Cheap weddings on the rise: Here are the pros and cons

For some, wedding spending has gotten out of control.

Continue Reading Below

According to studies conducted by top wedding publications, getting hitched can cost you tens of thousands of dollars. The Knot surveyed over 14,000 couples in 2018 and found that the national average was $33,931. Brides, on the other hand, surveyed more than 800 new wives and brides-to-be, which resulted in a more drastic jump from $27,000 in 2017 to $44,000 in 2018.

Although these figures more than likely skewed higher by wedding enthusiasts who are willing to invest more in their special day the same way a fan of luxury cars may spend more on a vehicle they’ve fantasized over for years — there are plenty of people out there who don’t want to go into debt or financial harm over a marriage.

With exorbitant and inflating prices in the wedding industry, naturally, there are some who reject the notion that you have to spend big bucks to get married. For this reason, courthouse weddings and elopements are gaining traction with today’s couples.

“There was a time when low-cost weddings and courthouse ‘I Dos’ were scandalized, but in recent years there has been much higher acceptance for weddings to take place in whatever way the couple envisions,” wedding editorial manager Christen Moynihan told Reuters.

The U.S. Marriage Laws website says a fee for a marriage license can range from $10 to $115.

Alternatively, a report from Glamour found that millennials are increasingly sneaking away to get married.

"People just want to start their life. They don't feel like they have to follow traditional norms anymore," their report said, regarding the rise of elopements and pop-up wedding businesses.

If a cheap wedding is what you seek, here are a few considerations of the pros and cons that come with an inexpensive union.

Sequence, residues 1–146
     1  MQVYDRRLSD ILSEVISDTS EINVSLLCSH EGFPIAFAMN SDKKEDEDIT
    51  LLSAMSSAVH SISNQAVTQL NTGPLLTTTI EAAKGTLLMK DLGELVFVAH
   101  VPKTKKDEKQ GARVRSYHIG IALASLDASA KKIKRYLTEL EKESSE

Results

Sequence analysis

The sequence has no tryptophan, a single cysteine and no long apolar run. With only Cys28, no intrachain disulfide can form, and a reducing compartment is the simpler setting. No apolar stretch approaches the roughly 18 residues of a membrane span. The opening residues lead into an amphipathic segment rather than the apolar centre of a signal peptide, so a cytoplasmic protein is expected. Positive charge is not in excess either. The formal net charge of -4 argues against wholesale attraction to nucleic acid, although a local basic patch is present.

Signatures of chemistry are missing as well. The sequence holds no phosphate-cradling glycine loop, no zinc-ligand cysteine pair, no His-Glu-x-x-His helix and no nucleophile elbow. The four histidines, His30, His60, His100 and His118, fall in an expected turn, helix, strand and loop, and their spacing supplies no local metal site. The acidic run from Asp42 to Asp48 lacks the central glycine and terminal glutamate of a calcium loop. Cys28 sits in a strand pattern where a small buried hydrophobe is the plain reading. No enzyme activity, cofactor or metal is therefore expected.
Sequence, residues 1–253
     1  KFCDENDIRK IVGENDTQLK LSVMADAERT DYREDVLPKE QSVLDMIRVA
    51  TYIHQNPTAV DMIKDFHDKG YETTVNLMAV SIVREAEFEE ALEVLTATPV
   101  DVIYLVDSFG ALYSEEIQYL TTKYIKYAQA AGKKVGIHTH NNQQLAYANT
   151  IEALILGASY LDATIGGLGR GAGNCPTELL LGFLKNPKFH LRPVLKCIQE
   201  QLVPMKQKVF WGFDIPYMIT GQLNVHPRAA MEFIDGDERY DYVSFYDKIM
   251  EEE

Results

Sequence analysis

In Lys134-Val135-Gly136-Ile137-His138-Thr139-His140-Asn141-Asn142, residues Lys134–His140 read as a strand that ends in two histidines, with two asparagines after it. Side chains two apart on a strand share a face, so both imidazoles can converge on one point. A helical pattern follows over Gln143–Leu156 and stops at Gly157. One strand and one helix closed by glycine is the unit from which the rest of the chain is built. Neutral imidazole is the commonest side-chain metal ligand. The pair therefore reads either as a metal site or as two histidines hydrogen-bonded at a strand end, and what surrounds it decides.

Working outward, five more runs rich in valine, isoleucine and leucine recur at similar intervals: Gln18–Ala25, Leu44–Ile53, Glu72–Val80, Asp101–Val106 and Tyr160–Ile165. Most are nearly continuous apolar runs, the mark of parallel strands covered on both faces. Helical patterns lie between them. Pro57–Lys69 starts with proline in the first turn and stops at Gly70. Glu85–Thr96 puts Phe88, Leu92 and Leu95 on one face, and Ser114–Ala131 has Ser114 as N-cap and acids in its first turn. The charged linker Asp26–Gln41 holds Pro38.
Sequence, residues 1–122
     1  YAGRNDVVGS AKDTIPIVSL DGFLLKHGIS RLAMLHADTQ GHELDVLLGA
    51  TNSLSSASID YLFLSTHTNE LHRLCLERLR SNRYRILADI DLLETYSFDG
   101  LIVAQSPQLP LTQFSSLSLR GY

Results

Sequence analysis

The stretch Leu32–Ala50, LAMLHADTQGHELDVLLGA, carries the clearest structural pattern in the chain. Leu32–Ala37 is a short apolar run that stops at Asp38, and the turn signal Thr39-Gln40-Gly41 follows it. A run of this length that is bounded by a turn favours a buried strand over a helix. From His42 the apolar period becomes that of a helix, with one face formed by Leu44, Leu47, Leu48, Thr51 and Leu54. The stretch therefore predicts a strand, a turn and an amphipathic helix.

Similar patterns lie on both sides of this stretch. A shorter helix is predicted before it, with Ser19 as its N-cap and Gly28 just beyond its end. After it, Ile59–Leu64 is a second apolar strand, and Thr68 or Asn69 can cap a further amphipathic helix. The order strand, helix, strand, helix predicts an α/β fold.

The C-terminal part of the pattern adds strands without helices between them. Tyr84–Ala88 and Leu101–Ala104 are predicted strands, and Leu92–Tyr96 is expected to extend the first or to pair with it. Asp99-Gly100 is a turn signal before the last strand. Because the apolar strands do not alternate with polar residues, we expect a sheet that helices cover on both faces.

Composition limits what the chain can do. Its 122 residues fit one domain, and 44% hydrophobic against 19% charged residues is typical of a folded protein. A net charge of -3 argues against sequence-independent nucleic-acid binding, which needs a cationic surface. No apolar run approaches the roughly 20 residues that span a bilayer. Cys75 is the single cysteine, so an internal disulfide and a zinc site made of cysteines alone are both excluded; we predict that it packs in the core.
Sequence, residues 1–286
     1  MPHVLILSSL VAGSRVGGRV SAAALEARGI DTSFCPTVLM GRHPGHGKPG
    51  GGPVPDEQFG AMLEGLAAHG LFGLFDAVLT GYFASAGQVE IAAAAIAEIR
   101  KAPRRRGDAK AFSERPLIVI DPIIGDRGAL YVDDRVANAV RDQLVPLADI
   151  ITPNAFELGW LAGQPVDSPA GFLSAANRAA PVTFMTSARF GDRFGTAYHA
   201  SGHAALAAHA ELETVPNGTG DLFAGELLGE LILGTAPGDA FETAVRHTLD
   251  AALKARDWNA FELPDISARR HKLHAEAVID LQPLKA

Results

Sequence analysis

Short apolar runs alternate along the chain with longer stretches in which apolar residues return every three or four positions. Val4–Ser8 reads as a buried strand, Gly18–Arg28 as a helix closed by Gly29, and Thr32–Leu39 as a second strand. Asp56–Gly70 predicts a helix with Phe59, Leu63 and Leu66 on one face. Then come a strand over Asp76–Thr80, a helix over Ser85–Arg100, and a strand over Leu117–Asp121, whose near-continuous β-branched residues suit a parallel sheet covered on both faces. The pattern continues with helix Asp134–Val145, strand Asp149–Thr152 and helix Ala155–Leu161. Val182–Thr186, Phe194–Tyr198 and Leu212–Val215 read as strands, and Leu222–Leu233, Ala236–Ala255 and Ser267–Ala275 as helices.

The pros of a cheaper wedding

Closeup of groom placing a wedding ring on the brides hand. Couple exchanging wedding rings during a wedding ceremony outdoors.

Budget stretching: The obvious perk of opting for a low-cost wedding is that it will save you money to put toward other assets. This can allow you to expand your honeymoon, investment or home-buying fund. Other options can include paying down debt or purchasing tangible items you actually need, such as vehicles and appliances.

Reduced financial stress: A cheaper wedding tends to be smaller in size, which in turn costs less and minimizes the stress that occurs when parting with a lump sum of cash. According to experts at Psychology Today, couples that lack money-related issues or hardships are often happier than couples who do.

Customization options: Limiting the number of contracted vendors for DIY projects allow brides and grooms to tailor their wedding while keeping the price down. Centerpieces, signage, stationery, aisle markers, flowers, favors and more can be constructed at home, according to the Budget Savvy Bride blog.

GET FOX BUSINESS ON THE GO BY CLICKING HERE

The cons of a cheaper wedding

(iStock)

Guest list limitations: Making it your goal to spend as little as possible on a wedding will more than likely shrink your guest list, which can be an issue if you have a large, close-knit family and social circle. The Wedding Wire Newlywed 2018 Report found the average number of wedding guests to be 126.

Fewer venue choices: Having a strict and low budget set for your wedding will provide fewer venues and event spaces to choose from. This may require a couple to get creative when it comes to where they host their day – whether it be at home, in a park or similar public areas. According to Wedding Wire, most couples spend between $3,000 and $11,000 for traditional venues.

Quality concern: The age-old adage, “You get what you pay for,” applies to weddings the same way it does for every other product or service. From catering and photography to decor and entertainment, there are numerous aspects that can be impacted by limited funds. Booking lackluster vendor can hinder a person’s wedding experience.

CLICK HERE TO READ MORE ON FOX BUSINESS